The CSA clarified that it generally considers two parallel studies done concurrently or in close time proximity to each other to not be in substance separate studies, but components of the same study.

In particular, the Notice states that a study, including an economic analysis of the potential viability of mineral resources done concurrently with or part of a PFS or an FS, is not a PEA if it:

  • has the net effect of incorporating inferred mineral resources into the PFS or FS, even as a sensitivity analysis,
  • updates, adds to or modifies a PFS or an FS to include more optimistic assumptions and parameters not supported by the original study, or
  • is a PFS or an FS in all respects except name.


Staff is also concerned that some issuers and qualified persons appear to use overly optimistic or highly aggressive assumptions in PEAs, or methodologies that diverge significantly from industry best practice guidelines and standards for exploration and mineral resources. The Notice confirms that PEAs are subject to the standards of disclosure for forward-looking information under National Instrument 51-102 – Continuous Disclosure Obligations which requires that there must be a reasonable basis for such information. As a result, the Notice states that Staff may ask the qualified person to explain or justify underlying assumptions or, in more extreme cases, require a restatement and re-filing of the PEA to take a more conservative or reasonable approach.


In the Notice, issuers are reminded that they could trigger the requirement to file a technical report to support disclosure of the results of PEAs if, for instance, potential economic outcomes for material mineral projects are disclosed in the issuer’s investor relations materials or website and are not supported by a technical report.

Staff has also seen situations where issuers are disclosing the results of a PEA that includes projected cash flows for by-product commodities that are not included in the mineral resource estimate. The Notice cautions issuers not to include cash flow projections for any commodity or part of a commodity that has not been properly categorized as a measured, indicated or inferred mineral resource in its PEA.


The identification of material NI 43-101 disclosure deficiencies will generally be dealt with through a request that the issuer correct the deficiency by restating and refiling the documents. The process of identification and remedying deficiencies in technical disclosure is typically accomplished through a detailed comment letter from Staff to the issuer and subsequent direct discussions. Where refiling is necessary, Staff will often require the issuer to issue a press release containing details about the deficiency and changes to the issuer’s technical disclosure. Depending on the degree and significance of the deficiency, and failure of an issuer to comply with a request to resolve it, the issuer may be placed on the CSA’s defaulting issuers lists and be subject to other administrative sanctions including a commission order to re-file the documents, or a cease trade order until the deficiency is remedied. In more serious circumstances, an enforcement or other regulatory action may be pursued in respect of the original breach.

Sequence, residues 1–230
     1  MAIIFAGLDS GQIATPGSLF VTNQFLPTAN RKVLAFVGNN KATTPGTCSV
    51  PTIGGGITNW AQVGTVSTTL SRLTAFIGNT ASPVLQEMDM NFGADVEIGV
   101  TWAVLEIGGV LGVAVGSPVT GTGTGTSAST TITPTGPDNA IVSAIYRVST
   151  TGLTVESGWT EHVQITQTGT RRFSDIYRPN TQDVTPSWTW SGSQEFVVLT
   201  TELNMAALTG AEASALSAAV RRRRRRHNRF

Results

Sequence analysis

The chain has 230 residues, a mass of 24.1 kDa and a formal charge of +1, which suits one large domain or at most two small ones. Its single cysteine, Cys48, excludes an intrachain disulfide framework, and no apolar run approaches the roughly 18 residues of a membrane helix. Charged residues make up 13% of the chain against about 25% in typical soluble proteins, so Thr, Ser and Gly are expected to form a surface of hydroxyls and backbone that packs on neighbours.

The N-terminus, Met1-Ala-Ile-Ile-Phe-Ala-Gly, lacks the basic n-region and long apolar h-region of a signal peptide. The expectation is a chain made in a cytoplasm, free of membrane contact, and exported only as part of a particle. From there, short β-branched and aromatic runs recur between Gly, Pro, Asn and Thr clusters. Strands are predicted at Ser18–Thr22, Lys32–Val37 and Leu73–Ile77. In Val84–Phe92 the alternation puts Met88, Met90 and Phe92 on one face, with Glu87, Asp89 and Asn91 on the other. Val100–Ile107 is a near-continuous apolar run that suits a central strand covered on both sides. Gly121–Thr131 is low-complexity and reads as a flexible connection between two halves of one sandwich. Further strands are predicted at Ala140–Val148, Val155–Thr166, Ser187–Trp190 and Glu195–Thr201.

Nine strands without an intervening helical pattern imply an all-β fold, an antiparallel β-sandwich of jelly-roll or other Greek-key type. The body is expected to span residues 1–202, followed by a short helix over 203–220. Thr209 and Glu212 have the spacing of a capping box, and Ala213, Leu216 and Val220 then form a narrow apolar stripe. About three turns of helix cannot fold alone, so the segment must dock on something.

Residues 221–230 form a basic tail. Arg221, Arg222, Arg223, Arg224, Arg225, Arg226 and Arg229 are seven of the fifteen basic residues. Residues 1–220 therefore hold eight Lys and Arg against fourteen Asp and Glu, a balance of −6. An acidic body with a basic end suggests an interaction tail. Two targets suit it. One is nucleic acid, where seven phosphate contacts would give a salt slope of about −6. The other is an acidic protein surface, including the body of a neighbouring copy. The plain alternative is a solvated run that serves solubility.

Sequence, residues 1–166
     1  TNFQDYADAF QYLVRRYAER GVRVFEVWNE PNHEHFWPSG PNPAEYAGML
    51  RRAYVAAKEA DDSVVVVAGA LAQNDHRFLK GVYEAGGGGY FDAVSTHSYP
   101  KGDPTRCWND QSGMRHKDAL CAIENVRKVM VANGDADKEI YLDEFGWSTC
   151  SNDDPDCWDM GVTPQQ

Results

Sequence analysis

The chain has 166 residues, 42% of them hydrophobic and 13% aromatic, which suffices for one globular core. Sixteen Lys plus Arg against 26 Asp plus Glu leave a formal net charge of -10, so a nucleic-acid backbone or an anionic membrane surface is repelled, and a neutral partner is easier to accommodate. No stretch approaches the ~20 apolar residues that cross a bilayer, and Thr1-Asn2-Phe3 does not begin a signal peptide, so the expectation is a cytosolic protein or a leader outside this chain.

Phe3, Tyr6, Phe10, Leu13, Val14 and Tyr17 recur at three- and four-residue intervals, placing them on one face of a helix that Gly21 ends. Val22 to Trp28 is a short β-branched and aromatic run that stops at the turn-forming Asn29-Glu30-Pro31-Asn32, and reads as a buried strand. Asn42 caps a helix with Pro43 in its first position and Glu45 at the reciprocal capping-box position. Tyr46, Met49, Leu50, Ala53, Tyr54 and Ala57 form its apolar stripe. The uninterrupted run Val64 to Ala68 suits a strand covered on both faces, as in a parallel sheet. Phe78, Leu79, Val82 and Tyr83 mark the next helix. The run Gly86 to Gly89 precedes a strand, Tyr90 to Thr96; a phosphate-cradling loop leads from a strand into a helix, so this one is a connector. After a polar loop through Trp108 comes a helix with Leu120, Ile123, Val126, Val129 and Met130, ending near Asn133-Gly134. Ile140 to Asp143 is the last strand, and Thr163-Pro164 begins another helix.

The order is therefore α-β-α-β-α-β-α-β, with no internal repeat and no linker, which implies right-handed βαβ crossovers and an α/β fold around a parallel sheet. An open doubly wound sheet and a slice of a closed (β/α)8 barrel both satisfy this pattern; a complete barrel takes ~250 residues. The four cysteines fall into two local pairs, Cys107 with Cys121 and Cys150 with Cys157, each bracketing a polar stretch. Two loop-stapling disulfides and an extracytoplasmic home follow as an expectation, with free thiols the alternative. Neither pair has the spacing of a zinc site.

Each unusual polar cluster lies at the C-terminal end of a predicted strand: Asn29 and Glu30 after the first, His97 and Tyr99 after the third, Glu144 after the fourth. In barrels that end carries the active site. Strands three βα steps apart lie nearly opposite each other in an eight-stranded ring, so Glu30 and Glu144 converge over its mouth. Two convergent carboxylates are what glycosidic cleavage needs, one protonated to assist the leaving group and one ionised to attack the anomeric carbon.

Concurrent with the publishing of CSA Staff Notice 43-307 described above, the CSA also published CSA Staff Notice 43-308 Professional Associations under NI 43-101 Standards of Disclosure for Mineral Projects, stating that the Chartered Professional Engineer (CPEng) membership designation of The Institution of Engineers Australia (Engineers Australia) can be added to the list in Appendix A of Companion Policy 43-101CP which sets out those foreign associations and membership designations which fall within the definition of “qualified person” under NI 43-101.